- (Photo: GCU)
Hobby Lobby announced Friday that it will be donating a historic Massachusetts campus that was founded by evangelist D. L. Moody to an Arizona nonprofit organization.
After years of vetting more than 100 organizations, the national retail chain has selected Scholarships for GCU Students – a supporting organization for Grand Canyon University Scholarship Foundation – as the recipients of the 217-acre campus in Northfield, Mass.
"As a supporter of Christian higher education across the U.S., we hope this campus will provide a home for students to find their purpose in Christ and realize their full potential in life," said Steve Green, president of Hobby Lobby, in a statement. "We look forward to seeing what the future holds for this historic campus and for this community."
The campus was built in 1879 by Moody, who was one of the most influential evangelists of the 19th century. It was formerly occupied by Northfield Mount Hermon School until 2005. Hobby Lobby acquired the campus in 2009 for $100,000 and spent millions of dollars in renovations. The estimated value of the Northfield campus is $20 million.
Hobby Lobby had a desire to gift the property to a Christian educational institution that could demonstrate a commitment to sustaining the campus and honoring Moody's legacy, according to Grand Canyon University.
GCU, founded in 1949, is a private Christian university with a campus in Phoenix, Ariz. Its aim is to help students "find their purpose and achieve their potential through landing the career of their dreams, advancing their career, and changing careers" and also to encourage students to "find their purpose in Christ, with an emphasis on applying Christian values and ethics to the workplace."
GCU, which has about 7,000 traditional students and 40,000 online students, submitted a plan for use of the campus earlier this year. The other finalist for the campus was the North American Mission Board, which is part of the Southern Baptist Convention. NAMB, however, pulled out.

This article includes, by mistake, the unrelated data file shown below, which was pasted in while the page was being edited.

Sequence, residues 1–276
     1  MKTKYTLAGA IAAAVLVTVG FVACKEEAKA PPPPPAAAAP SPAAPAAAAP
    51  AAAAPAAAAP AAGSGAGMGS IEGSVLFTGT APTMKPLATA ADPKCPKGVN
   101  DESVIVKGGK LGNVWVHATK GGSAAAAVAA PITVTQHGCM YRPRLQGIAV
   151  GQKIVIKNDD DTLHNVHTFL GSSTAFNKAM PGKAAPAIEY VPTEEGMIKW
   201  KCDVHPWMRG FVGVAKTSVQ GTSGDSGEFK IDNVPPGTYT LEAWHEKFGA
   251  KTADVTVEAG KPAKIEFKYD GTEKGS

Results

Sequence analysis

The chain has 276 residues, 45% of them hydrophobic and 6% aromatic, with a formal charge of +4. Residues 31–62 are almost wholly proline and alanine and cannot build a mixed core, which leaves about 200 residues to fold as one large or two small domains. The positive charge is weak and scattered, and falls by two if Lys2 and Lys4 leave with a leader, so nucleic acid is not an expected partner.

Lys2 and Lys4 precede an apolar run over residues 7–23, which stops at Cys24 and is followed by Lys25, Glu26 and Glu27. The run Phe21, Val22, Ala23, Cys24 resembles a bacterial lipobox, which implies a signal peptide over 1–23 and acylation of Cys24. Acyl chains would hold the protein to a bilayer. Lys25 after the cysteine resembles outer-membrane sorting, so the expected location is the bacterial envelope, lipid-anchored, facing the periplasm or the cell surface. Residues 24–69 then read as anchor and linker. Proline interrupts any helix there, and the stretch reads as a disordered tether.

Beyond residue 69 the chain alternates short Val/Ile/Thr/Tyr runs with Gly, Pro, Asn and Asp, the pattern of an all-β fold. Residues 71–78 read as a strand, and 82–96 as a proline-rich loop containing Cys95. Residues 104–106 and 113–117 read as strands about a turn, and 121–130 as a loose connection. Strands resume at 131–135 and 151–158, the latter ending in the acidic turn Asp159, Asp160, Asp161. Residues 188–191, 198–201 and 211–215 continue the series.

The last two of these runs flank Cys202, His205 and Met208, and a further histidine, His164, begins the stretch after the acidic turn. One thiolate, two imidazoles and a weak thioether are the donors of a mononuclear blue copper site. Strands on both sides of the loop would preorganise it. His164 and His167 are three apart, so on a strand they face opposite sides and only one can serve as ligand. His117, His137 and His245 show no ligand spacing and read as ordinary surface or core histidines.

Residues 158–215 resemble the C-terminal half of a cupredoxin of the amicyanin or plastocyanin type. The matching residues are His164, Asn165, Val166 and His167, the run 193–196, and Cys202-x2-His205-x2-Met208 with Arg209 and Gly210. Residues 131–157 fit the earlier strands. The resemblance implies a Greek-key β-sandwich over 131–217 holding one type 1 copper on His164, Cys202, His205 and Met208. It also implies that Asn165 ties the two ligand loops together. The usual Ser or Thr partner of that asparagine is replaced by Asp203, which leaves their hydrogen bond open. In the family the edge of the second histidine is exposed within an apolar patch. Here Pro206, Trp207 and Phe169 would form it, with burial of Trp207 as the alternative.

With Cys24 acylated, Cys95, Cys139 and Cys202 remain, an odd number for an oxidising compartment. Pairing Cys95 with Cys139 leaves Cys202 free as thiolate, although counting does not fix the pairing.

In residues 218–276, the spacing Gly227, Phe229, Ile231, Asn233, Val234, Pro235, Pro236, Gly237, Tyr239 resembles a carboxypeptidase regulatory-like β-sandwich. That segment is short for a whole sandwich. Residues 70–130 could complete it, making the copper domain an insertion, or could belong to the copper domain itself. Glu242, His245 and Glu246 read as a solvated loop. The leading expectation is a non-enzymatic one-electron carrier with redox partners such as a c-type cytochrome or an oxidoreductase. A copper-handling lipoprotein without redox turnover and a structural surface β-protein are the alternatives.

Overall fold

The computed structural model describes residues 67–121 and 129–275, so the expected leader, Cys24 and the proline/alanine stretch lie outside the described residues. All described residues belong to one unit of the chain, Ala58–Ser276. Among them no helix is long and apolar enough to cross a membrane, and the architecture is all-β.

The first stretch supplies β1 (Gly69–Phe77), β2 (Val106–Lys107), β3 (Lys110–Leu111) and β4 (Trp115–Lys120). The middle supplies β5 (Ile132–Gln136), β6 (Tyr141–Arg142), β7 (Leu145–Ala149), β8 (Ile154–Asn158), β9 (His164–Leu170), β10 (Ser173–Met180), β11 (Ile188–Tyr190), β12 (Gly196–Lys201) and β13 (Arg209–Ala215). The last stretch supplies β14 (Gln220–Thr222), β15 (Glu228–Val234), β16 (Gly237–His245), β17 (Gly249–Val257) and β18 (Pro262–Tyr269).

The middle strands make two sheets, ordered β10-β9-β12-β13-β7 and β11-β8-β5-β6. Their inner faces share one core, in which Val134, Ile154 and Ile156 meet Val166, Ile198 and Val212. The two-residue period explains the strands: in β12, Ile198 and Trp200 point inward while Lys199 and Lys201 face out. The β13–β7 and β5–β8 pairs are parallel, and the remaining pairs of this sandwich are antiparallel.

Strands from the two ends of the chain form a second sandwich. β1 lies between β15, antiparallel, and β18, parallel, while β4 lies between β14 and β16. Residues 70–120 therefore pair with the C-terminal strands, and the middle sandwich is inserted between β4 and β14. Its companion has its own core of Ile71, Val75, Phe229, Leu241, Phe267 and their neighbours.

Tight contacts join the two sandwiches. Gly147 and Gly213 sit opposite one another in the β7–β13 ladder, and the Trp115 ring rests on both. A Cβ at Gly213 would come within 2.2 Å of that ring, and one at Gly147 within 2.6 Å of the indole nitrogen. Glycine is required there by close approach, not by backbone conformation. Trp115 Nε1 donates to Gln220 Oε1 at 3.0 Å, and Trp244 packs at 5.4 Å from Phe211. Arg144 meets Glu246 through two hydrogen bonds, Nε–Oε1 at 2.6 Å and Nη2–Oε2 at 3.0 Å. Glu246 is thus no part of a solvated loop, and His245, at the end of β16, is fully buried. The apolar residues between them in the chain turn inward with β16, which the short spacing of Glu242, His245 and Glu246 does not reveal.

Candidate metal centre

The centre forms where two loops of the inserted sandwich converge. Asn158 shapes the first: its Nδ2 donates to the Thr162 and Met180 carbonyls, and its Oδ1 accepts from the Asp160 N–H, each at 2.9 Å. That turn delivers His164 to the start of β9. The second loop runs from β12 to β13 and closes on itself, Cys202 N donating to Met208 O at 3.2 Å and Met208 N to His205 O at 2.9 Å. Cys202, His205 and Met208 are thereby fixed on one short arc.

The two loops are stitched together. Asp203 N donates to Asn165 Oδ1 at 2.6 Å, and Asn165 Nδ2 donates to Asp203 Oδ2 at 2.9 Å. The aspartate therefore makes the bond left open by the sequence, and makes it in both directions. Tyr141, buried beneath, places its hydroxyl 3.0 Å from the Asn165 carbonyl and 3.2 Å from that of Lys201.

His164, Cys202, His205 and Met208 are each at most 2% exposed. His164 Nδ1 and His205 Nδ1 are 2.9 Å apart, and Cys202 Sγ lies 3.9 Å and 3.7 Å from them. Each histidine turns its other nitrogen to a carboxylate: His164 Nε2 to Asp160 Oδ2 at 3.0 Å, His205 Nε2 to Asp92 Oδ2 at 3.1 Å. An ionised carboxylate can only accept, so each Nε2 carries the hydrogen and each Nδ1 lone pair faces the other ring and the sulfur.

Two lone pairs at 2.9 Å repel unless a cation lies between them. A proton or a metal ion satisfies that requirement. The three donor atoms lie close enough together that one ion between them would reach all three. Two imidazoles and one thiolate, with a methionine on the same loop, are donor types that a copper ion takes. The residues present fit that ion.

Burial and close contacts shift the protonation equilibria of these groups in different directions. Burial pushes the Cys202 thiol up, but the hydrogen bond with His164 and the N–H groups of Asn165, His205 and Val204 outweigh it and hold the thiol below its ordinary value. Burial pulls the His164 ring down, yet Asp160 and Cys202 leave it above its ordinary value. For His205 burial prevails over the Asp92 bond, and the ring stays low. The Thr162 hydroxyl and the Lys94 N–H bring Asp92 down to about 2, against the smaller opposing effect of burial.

Scholarships for GCU Students intends to enter into a long-term lease with Grand Canyon Education, Inc., which would provide GCU the right to utilize and develop the campus. The university expects to begin offering classes at Northfield in the fall of 2014 with a projected enrollment of 500 traditional students. It must first, however, receive all necessary legal, regulatory and accrediting approvals.
"Our organization is honored to be selected by Hobby Lobby as the recipient of this campus, and we are excited about the potential this generous gift has to support students who might not otherwise be able to afford to attend a private, Christian university," said Kathy Rother, president of Scholarships for GCU Students, in a statement.
The university expects to spend up to $150 million on the campus over a five-year period in order for it to grow into a fully developed liberal-arts institution.
On Friday, a panel discussion was also held regarding the future of Christian higher education. Along with Green of Hobby Lobby, other participants included David Wright of Indiana Wesleyan University, Geoff Tunnicliffe of the World Evangelical Alliance, Shirley V. Hoogstra of Calvin College, Brian Mueller of Grand Canyon University, Jerry Pattengale of Green Scholars Initiative, and Carlos Campo of Regent University.